Wikileaks and Untraceable Document Disclosure

01.03.07 | 2 min read | Text by Steven Aftergood

A new internet initiative called Wikileaks seeks to promote good government and democratization by enabling anonymous disclosure and publication of confidential government records.

“WikiLeaks is developing an uncensorable version of WikiPedia for untraceable mass document leaking and analysis,” according to the project web site.

“Our primary targets are highly oppressive regimes in China, Russia, central eurasia, the middle east and sub-saharan Africa, but we also expect to be of assistance to those in the west who wish to reveal unethical behavior in their own governments and corporations.”

“A system [that] enables everyone to leak safely to a ready audience is the most cost effective means of promoting good government — in health and medicine, in food supply, in human rights, in arms control and democratic institutions.”

Wikileaks says that it has already acquired over one million documents that it is now preparing for publication.

The project web site is not yet fully “live.” But an initial offering — a document purportedly authored by Sheikh Hassan Dahir Aweys of Somalia’s radical Islamic Courts Union — is posted in a zipped file here.

An analysis of the document’s authenticity and implications is posted here.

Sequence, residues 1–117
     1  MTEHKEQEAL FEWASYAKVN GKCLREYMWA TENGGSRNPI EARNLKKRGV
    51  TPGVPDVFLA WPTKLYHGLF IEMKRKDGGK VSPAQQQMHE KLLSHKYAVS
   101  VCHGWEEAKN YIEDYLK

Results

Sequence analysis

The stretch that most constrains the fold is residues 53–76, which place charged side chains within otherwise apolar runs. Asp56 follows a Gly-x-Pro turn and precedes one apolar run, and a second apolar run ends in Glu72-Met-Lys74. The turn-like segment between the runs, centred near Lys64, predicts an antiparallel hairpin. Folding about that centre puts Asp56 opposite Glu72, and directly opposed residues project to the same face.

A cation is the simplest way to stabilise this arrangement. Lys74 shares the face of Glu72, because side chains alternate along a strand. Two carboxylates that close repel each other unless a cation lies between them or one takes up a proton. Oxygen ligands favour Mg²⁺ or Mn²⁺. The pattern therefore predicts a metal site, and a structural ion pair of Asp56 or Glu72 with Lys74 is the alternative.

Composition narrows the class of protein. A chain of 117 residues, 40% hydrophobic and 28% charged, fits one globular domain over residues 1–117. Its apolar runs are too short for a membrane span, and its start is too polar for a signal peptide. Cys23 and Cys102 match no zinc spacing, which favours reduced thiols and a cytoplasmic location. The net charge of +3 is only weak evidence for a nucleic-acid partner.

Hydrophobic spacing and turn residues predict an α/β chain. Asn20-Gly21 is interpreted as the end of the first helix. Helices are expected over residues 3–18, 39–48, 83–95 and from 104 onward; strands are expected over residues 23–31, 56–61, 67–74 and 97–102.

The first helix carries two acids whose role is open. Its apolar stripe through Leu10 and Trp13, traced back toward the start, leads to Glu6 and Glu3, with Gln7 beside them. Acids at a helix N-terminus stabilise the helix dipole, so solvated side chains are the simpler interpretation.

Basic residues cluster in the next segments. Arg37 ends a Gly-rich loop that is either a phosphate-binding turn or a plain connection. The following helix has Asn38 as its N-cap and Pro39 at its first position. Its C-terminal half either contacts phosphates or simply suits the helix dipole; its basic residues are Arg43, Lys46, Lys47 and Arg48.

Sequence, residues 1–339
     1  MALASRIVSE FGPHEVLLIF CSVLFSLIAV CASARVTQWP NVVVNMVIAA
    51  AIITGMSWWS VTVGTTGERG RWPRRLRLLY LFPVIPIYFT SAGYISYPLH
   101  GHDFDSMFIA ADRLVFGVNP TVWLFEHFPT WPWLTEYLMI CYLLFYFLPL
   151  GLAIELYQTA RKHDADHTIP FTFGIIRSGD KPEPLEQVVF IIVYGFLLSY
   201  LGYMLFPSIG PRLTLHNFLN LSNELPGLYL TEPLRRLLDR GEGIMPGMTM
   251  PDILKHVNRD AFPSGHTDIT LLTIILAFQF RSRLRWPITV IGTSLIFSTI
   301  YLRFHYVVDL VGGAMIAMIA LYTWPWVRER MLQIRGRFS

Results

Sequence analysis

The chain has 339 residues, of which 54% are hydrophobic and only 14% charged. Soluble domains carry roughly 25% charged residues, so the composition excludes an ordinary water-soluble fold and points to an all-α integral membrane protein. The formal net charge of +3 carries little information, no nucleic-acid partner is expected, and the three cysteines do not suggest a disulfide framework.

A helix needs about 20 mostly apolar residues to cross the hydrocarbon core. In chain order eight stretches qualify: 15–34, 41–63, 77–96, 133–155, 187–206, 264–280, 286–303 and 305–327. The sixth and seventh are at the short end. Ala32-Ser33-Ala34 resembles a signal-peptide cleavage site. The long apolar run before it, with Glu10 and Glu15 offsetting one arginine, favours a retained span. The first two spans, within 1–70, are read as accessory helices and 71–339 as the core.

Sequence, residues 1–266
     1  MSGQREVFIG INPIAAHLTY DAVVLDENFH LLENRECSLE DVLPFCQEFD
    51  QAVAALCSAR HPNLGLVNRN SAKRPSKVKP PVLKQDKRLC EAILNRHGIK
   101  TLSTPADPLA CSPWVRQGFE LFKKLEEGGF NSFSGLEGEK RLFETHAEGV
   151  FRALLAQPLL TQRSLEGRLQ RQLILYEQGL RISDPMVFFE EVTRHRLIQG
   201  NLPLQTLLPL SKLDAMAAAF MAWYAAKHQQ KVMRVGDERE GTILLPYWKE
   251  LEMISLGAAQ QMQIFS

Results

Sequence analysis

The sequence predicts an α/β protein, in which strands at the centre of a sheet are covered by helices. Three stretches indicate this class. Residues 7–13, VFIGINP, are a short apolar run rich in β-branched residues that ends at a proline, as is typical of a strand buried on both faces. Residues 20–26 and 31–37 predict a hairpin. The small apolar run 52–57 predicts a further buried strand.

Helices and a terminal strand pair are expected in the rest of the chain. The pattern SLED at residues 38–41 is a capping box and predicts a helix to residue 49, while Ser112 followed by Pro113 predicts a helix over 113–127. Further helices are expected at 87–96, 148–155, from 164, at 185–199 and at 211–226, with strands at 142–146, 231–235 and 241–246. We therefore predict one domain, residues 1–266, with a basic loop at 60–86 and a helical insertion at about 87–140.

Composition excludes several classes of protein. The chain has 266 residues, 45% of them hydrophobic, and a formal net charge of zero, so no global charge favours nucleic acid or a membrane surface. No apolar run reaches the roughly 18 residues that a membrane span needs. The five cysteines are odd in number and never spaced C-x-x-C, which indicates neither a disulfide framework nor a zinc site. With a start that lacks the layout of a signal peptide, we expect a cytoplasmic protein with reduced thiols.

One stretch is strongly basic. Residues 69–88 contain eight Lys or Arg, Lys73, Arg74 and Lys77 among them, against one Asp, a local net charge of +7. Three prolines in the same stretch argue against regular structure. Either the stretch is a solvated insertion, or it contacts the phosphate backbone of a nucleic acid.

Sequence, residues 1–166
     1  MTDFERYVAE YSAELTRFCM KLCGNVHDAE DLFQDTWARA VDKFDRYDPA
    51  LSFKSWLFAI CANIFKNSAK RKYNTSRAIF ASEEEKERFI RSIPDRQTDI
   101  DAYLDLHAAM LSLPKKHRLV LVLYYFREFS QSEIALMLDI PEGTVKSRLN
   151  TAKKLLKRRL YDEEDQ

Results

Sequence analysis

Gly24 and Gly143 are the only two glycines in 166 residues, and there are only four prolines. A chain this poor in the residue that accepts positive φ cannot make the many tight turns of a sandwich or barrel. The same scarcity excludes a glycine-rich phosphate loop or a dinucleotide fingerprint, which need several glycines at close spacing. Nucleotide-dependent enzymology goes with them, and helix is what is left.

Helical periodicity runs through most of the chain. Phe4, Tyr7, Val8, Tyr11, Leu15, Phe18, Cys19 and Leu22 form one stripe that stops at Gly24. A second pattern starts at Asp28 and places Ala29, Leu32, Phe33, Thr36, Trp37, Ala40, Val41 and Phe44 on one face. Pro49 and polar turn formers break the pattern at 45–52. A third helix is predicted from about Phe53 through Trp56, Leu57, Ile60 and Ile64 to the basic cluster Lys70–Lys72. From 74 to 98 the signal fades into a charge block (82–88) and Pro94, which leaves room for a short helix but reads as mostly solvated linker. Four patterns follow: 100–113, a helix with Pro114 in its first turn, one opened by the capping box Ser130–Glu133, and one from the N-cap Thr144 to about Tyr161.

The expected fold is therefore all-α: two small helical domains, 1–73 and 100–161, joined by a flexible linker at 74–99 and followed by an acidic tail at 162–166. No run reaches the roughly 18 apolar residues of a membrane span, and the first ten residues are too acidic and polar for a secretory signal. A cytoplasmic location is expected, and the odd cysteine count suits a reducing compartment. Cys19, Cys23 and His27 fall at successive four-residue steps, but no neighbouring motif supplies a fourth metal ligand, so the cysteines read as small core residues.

Wikileaks invited Secrecy News to serve on its advisory board. We explained that we do not favor automated or indiscriminate publication of confidential records.

In the absence of accountable editorial oversight, publication can more easily become an act of aggression or an incitement to violence, not to mention an invasion of privacy or an offense against good taste.

So we disagree on first principles? No problem, replied Wikileaks: “Advisory positions are just that — advisory! If you want to advise us to censor, then by all means do so.”

While Wikileaks seeks to make unauthorized disclosures technologically immune to government control, an opposing school of thought proposes to expand U.S. government authority to seize control of information that is already in the public domain when its continued availability is deemed unacceptably dangerous.

“Although existing authorities do not directly address the subject, it appears that reasonable restrictions upon the possession and dissemination of catastrophically dangerous information can be constitutionally implemented,” suggests Stewart Harris of the Appalachian School of Law. See “Restrictions are justifiable,” National Law Journal, December 11, 2006.